J Integr Plant Biol. ›› 1999, Vol. 41 ›› Issue (6): -.

• Research Articles •    

Physiological Mechanisms of Growth inhibition by Concentrated Potassium in Dunaliella Salina

LIU Pei-Ran and WU Wei-Hua   

Abstract: It was observed in our preliminary experiments that the growth of Dunaliella salina (Dunal) Teed. cultured in medium containing 1 mol/L NaC1 was almost completely inhibited by the addition of 100 mmol/L KC1. This study was focused on elucidating the physiological mechanisms by which high K+ inhibits D. salina growth. Under the control conditions, the pH of the medium rapidly increased from 8 to 10 along with the growth of D. salina. However, addition of 100 mmol/L KCI significantly inhibited the increase of medium pH. The results suggested that the growth of D. salina may require a low environmental of H + concentration or be related to the H + transport into the D. salina cells. Interestingly, D. salina cultured in various media with different pH buffered with 40 mmol/L Tris-HC1 (or Tris-NaOH) did not show any significant difference in the growth rates. This result brings up the question on the previous hypothesis that Na+/H+ antiport plays a major role in Na + extrusion in D. salina. The photosynthetic rate of D. salina was not inhibited immediately following the addition of high K+ in the reaction medium, but it was significantly inhibited after the pretreatment of algae with high K+ for 12 hours or longer. The results from simultaneous measurements of O2 evolution of D. salina and the changes in pH of the medium revealed that the inhibitory effect of high K + on D. salina growth was somehow associated with K+ effect on pH changes in the medium. The high K+ treatment of D. salina also resulted in significant decrease of chlorophyll contents in the algae. It is concluded that the inhibitory effects of high K + on photosynthesis of D. salina may, at least partially, account for the growth-inhibition of D. salina growth by high K+; the inhibitory effects of high K+ on D. salina photosynthesis may result from the influence of K + on H + transport across the plasma membranes of D. salina cells.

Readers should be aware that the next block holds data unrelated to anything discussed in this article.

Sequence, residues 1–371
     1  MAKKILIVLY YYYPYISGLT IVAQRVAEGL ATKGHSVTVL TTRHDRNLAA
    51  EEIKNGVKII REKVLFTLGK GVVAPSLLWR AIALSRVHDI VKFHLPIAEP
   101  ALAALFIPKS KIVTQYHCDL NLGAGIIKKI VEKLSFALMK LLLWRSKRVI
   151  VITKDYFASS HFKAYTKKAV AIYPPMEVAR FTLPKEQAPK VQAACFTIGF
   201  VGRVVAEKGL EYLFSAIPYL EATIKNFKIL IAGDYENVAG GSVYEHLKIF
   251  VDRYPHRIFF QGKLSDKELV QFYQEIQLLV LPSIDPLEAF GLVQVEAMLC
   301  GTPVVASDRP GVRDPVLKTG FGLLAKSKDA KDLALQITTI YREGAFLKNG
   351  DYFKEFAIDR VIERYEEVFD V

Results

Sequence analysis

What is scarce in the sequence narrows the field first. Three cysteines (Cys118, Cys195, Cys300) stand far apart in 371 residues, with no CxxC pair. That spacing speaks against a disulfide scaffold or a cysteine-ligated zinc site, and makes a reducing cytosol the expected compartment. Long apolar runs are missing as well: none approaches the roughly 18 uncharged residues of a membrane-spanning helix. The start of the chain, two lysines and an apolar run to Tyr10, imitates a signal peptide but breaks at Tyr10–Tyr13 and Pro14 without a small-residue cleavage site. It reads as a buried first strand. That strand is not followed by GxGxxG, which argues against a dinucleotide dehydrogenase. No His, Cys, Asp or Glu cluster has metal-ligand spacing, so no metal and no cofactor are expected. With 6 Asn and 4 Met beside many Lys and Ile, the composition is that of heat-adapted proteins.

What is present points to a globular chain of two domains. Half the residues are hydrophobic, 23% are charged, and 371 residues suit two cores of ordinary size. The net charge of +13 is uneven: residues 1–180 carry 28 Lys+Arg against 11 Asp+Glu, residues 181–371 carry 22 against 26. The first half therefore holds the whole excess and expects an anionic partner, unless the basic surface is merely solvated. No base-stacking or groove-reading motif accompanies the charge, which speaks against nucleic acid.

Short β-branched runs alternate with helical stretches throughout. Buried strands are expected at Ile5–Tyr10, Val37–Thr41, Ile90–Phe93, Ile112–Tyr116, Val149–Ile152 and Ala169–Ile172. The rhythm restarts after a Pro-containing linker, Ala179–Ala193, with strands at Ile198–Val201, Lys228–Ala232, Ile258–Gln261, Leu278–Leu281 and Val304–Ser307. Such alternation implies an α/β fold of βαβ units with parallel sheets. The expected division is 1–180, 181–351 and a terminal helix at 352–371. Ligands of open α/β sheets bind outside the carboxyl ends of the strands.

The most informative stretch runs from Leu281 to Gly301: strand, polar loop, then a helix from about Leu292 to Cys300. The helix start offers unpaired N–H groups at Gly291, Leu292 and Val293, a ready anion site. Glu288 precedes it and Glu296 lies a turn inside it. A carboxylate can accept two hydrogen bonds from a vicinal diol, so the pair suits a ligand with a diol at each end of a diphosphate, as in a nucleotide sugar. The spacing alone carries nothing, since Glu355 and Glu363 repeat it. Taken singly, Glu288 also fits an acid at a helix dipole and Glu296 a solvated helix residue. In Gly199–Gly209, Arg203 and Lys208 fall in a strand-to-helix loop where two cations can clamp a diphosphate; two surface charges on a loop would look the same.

Key words: DunalieUa salina, Potassium ions, Photosynthesis, Proton transport

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